Sticky fibres

 
Published: Sunday 31 May 1998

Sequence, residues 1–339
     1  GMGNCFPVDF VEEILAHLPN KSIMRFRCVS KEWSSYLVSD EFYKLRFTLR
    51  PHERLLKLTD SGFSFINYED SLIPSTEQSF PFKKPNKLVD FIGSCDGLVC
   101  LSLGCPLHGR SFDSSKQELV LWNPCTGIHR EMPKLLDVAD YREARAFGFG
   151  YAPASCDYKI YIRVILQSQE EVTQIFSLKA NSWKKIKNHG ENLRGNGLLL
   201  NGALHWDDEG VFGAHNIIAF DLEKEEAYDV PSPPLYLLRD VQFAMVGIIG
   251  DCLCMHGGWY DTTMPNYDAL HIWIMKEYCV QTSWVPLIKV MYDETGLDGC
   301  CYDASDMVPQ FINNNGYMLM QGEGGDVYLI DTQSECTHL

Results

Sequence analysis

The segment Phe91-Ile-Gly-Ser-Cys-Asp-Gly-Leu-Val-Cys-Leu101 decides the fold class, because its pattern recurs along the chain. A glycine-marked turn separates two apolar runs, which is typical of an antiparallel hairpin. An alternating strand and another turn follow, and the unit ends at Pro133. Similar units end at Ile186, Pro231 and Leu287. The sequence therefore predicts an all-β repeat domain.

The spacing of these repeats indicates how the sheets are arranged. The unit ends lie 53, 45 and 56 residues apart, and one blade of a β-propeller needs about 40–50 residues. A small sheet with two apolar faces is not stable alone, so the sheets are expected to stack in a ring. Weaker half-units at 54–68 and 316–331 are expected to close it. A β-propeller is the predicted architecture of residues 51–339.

Scientists from the Indian Defence Research and Development Organisation (DRDO) have recently patented a breakthrough biotechnological process that can be employed to produce kevlar aramid fibres used extensively in aircraft, space systems and rocket motor casings. These are also used as high-strength materials to make fibre-reinforced polymer matrix composites that find various applications in aircraft as well as space-related industries. DRDO's newly-patented process overcomes a major hurdle faced in all conventional modes of developing kevlar aramid fibres -- poor surface bonding -- by exposing these to a substance produced by a certain bacteria in a complex organic medium. DRDO claims that the process improves the adhesive properties of the fibres by as much as 30-50 per cent.

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